During the Berlin 10 conference on Open Access, the first instance of the Berlin Conference held in Africa, some of the most compelling speeches came from those who advocated a much more radical approach to breaking the hold over academic publishing currently exercised by commercial firms. Especially from Dr. Adam Habib, the Deputy Vice-Chancellor for Research from the University of Johannesburg, the delegates heard a call for immediate and direct action, even if it provoked a fight with commercial publishers. In his opinion, at least, that would be a fight worth having, particularly for an African university.
These calls for radical solutions got me thinking about which stakeholders had the power to break open the current structures, which were called feudal and iniquitous by one speaker, and what actions they might take. The result was the following thought experiment.
First, it seems to me that only two stakeholders really have both the will and the power to radically alter the terms and conditions of scholarly publishing. One set of stakeholders are the academic authors themselves, who seem to largely recognize that the current system is grossly unfair to them and does not serve the best interests of scholarship or of scholarly authors. Nevertheless, academic authors are limited in the kinds of action they can take, both because they are not well-organized and because of their dependence on the promotion and tenure system.
That leads to the other set of stakeholders who could shake up the system – the universities themselves. Are there steps they could take that would reset the conditions for scholarly publication? I think there are, and it seems like universities, if they were so minded, could create a revolution in scholarly communications with two simple, but by no means easy, policy changes.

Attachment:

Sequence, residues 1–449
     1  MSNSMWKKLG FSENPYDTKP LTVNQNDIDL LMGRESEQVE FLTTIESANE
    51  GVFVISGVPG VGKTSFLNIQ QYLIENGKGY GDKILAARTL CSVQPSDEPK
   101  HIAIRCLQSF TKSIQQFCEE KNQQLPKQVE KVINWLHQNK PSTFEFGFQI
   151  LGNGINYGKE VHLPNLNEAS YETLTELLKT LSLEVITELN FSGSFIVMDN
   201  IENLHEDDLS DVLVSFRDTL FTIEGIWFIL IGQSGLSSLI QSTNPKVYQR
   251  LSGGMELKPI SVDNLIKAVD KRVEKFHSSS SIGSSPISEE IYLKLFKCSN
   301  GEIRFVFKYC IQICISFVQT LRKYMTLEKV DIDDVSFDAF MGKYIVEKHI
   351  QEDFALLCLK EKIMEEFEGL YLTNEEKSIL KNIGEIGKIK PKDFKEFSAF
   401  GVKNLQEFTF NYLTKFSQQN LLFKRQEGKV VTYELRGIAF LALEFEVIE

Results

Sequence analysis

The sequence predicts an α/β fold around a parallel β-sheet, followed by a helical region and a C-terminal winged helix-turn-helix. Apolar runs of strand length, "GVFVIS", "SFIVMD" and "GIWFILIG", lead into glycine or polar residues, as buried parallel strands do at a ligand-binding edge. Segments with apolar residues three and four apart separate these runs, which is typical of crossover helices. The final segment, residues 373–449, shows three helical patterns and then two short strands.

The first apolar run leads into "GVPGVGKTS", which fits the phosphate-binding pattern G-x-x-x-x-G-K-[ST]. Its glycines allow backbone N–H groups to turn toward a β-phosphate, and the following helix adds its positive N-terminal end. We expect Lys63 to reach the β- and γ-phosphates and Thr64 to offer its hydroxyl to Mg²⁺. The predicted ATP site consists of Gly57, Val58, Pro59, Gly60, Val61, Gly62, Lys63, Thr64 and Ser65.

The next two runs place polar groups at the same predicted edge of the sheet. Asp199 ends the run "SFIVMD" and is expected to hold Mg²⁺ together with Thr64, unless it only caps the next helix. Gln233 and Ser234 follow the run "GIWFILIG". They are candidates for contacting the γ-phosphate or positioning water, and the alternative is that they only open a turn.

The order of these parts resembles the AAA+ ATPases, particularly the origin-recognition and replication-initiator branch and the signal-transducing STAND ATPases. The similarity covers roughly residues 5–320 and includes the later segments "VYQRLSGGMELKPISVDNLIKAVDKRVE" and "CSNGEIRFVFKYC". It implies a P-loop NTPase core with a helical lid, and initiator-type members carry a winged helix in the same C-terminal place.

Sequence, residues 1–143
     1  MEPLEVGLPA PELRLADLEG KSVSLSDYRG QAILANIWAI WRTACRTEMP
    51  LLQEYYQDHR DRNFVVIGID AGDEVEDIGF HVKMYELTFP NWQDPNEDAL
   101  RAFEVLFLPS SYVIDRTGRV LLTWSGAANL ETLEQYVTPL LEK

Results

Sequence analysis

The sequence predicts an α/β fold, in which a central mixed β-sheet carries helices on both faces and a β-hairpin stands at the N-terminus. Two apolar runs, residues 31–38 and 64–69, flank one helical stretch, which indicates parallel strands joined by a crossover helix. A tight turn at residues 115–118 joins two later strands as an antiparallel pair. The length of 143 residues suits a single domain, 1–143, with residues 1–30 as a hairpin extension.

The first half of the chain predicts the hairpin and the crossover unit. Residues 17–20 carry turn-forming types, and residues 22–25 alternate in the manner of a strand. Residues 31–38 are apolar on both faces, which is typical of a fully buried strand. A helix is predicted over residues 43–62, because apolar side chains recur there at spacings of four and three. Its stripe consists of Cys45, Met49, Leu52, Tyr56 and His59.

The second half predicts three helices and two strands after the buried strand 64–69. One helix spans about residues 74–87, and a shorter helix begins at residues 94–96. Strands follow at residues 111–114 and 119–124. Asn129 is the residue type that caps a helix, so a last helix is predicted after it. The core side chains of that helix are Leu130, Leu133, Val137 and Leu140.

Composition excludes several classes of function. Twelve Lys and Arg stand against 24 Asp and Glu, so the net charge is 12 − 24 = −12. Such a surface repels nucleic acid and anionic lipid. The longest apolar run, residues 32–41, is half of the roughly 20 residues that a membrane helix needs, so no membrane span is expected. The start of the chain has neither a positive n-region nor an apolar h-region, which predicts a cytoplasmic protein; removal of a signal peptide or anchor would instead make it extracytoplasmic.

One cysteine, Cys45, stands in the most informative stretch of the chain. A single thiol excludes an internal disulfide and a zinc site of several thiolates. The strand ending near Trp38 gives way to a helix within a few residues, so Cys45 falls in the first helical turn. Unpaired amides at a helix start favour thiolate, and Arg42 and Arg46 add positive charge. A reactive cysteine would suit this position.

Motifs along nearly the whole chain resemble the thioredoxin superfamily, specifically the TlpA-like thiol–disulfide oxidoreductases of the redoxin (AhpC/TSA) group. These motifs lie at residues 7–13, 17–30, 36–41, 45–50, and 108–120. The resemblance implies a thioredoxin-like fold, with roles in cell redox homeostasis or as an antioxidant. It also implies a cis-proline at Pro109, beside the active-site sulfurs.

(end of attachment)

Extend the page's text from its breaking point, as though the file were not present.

First, universities could alter their intellectual property policies to assert that faculty scholarship is, in fact, work made for hire. The legal argument here is simple and persuasive, that faculty work is created by regular employees within the scope of their employment. Courts have recognized this argument for years, but universities have rightly been unwilling to press the case, for fear of doing harm to relations with their faculty members. But as the scholarly publication system increasingly fails to adapt to the radical new conditions created in the digital environment, it is possible to imagine a policy change like this undertaken with the cooperation of the faculty authors themselves.
To make this work, universities could assert ownership, under work for hire rules, and at the same time grant back to faculty authors a broad license to make customary scholarly uses of their own works. This would actually be a similar situation to the one that now obtains, where authors give copyright away to publishers without compensation and receive back fairly limited licenses to use the works they created. Universities would almost certainly prove better partners in this approach to intellectual property because they could extend much broader licenses to the original authors and because their values are much more congruent with those of academic authors in the first place.
If universities owned scholarly writings as work for hire, however, they would have control over the means of publication. They would have the power, and the incentive, to refuse to have work published in commercial journals. They could give complete preference, if they wished, to open access journals and specifically to those open access journals that are run by scholarly societies and university presses. Almost overnight universities could put an end to the subscription model that worked so well for 300 years and has now become an obstacle to academic research and scholarly communications.